The Cable

Ice, Ice Baby: Obama Gives Shell the Thumbs Up for Arctic Drilling

The Obama administration just gave Royal Dutch Shell conditional permission to drill in the Arctic. But oil is not the only interest there.

A Greenpeace activist covers the logo of the Shell oil company to protest on May 10, 2012 against the heading of the an icebreaker for Shell's Arctic oil drilling project in the north of Alaska. Environmentalists have pointed to the vastly complicated task of drilling in the harsh Arctic environment, the difficulty of effectively cleaning up any spills in such conditions, and the risks posed to wildlife and native communities in the region's fragile ecosystem.     AFP PHOTO / MICHAL CIZEK        (Photo credit should read MICHAL CIZEK/AFP/GettyImages)
A Greenpeace activist covers the logo of the Shell oil company to protest on May 10, 2012 against the heading of the an icebreaker for Shell's Arctic oil drilling project in the north of Alaska. Environmentalists have pointed to the vastly complicated task of drilling in the harsh Arctic environment, the difficulty of effectively cleaning up any spills in such conditions, and the risks posed to wildlife and native communities in the region's fragile ecosystem. AFP PHOTO / MICHAL CIZEK (Photo credit should read MICHAL CIZEK/AFP/GettyImages)

The Obama administration gave Royal Dutch Shell conditional approval Monday to begin drilling for oil and gas in the Arctic, a major triumph for a company that has seen the waters of the remote region as a tantalizing business opportunity for years.

The company will still need to receive approval from other regulatory agencies, but has plans to begin drilling in the Chukchi Sea this summer. According to the Wall Street Journal, the company plans to invest $1 billion in the Arctic project this year.

The decision is a major setback for environmentalists, who argue that drilling in the Arctic could pave the way for a major environmental disaster. Oil giants, including Shell and BP, have had major spills in recent years, including Shell of Nigeria spills in 2008 and 2009 that cost the company $84 million. In 1989, the Exxon Valdez spilled millions of gallons of crude oil on the Prince William Sound in Alaska.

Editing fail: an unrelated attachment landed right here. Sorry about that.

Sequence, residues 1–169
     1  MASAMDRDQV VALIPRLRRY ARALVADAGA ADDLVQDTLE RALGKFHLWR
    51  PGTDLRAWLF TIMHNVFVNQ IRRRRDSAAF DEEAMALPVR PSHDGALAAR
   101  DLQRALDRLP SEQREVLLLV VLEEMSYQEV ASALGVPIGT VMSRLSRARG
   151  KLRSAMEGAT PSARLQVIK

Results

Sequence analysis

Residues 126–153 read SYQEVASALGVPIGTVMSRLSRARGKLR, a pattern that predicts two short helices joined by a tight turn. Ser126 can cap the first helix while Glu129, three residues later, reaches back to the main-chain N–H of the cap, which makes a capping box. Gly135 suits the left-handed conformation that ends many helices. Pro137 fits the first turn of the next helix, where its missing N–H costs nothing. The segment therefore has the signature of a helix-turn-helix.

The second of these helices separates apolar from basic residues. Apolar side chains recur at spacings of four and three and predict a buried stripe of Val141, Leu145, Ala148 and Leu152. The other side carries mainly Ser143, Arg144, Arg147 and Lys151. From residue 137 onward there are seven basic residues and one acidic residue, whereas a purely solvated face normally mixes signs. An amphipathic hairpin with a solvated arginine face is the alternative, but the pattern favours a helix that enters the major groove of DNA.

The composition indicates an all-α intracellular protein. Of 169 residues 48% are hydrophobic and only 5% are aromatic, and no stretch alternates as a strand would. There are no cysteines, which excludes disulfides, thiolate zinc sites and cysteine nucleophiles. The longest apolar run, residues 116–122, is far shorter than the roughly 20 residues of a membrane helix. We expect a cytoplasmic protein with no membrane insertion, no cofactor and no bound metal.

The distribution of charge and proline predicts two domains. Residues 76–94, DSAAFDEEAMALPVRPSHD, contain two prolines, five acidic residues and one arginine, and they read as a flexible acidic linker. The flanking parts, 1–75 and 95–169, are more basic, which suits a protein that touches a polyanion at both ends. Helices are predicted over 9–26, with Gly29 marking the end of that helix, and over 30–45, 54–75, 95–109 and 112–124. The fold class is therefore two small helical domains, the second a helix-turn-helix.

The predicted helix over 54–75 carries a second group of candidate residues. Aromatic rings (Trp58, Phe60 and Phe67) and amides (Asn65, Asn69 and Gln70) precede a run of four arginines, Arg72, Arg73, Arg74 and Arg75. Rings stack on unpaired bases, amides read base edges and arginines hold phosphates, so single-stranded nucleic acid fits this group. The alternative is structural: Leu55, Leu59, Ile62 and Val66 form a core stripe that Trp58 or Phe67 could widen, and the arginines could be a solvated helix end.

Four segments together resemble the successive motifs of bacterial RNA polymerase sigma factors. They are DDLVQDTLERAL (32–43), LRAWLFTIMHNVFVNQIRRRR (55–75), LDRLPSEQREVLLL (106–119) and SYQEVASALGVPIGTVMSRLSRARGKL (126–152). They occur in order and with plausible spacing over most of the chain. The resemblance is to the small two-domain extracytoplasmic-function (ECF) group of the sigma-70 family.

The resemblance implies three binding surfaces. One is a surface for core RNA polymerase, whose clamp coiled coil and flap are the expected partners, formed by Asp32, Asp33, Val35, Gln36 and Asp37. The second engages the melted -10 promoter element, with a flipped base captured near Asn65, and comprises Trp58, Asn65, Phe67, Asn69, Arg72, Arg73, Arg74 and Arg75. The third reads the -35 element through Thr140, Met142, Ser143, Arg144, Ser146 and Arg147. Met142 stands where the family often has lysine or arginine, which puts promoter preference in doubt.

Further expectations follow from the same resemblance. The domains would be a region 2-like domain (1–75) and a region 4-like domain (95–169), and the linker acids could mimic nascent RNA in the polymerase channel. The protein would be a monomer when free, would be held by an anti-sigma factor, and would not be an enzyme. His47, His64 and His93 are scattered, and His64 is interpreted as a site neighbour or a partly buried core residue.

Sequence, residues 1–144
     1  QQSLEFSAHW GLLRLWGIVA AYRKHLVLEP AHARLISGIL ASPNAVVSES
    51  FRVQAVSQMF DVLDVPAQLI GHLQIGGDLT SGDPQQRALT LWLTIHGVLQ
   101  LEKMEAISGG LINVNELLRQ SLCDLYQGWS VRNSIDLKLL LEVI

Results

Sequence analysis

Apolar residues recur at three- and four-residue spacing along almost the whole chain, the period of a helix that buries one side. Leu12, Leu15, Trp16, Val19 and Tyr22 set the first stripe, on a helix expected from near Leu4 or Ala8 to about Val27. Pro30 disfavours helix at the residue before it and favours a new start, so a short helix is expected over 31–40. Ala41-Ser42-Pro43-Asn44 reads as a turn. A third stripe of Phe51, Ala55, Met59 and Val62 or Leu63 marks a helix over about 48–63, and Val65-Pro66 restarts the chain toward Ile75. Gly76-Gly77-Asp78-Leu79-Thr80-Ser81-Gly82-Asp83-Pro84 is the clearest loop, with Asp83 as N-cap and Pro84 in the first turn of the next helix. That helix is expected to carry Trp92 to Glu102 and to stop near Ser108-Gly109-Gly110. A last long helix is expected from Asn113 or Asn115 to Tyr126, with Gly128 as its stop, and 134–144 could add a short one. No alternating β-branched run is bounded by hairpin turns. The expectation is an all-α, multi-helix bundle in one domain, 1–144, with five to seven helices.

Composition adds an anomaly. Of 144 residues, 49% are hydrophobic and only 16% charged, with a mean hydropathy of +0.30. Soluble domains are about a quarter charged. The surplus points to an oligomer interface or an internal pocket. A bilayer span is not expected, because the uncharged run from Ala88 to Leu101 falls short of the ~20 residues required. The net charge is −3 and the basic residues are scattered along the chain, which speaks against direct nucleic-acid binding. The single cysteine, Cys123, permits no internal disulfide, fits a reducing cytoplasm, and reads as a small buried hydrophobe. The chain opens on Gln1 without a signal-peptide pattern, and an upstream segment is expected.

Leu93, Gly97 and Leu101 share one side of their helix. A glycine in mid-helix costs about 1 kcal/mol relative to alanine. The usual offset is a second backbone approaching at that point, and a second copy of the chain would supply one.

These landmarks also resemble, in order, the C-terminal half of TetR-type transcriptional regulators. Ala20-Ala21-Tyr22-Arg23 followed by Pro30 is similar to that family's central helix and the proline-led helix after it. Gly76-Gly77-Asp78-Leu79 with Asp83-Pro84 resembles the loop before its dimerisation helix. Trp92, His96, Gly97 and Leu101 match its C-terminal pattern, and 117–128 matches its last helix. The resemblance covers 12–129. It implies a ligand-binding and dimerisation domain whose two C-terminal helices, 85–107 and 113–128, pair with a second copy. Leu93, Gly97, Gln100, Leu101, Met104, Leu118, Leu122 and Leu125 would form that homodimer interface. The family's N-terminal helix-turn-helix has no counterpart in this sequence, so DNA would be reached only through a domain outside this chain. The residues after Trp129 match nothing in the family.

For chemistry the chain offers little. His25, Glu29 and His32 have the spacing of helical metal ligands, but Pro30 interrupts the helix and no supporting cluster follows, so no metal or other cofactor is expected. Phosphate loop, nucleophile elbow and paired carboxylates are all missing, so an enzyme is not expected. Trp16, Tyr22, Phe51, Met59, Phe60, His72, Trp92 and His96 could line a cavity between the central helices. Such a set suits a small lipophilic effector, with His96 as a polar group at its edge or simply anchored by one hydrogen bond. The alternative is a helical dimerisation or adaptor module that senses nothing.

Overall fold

The United States’s interest in the Arctic is not exclusive to drilling. The melting of the polar ice cap and opening of Arctic waterways means an increase in tourism, fishing, and mineral exploration. And for the U.S. Navy and Coast Guard, it means new waterways to patrol.

In 2013, the Defense Department released an Arctic Strategy report claiming that it was the Pentagon’s responsibility to ensure that the Arctic remains peaceful as human access to the region increases in coming years. Their security focus in the region, the report said, would range from resource extraction to national defense.

Last year, the Pentagon complemented that report with a climate change readiness roadmap to outline ways the Defense Department would work proactively to prepare for the national security implications climate change could have. That would include military responses to would need to respond to natural disasters sparked by climate change.

In the case of this Shell project, environmentalists are especially concerned because its remote location would make it difficult to mount a clean-up effort in the event of a spill. The closest Coast Guard station equipped to respond is more than 1,000 miles away.

A Shell spokesman, Curtis Smith, said in a statement that the approval of Shell’s project was “an important milestone and signals the confidence regulators have in our plan.”

But before operations can begin this summer, he said “it’s imperative that the remainder of our permits be practical, and delivered in a timely manner. In the meantime, we will continue to test and prepare our contractors, assets and contingency plans against the high bar stakeholders and regulators expect of an Arctic operator.”

Obama’s relationship with environmentalists has had its highs and lows.  As president, he has made strides on climate change but also advanced opportunities for offshore drilling — which activists vehemently oppose — as the United States continues to look for more domestic oil opportunities.

Just four months ago, his administration approved a measure to begin another offshore drilling project on the East Coast. But in February, when Congress passed legislation for Keystone XL pipeline, an $8 billion project to transport tar sands from Canada to refineries on the U.S. Gulf, Obama vetoed the measure. Lawmakers need his permission because the pipeline would cross the Canadian border, but he refuses to give it his approval until the State Department finishes reviewing the project.

MICHAL CIZEK/AFP/GettyImages

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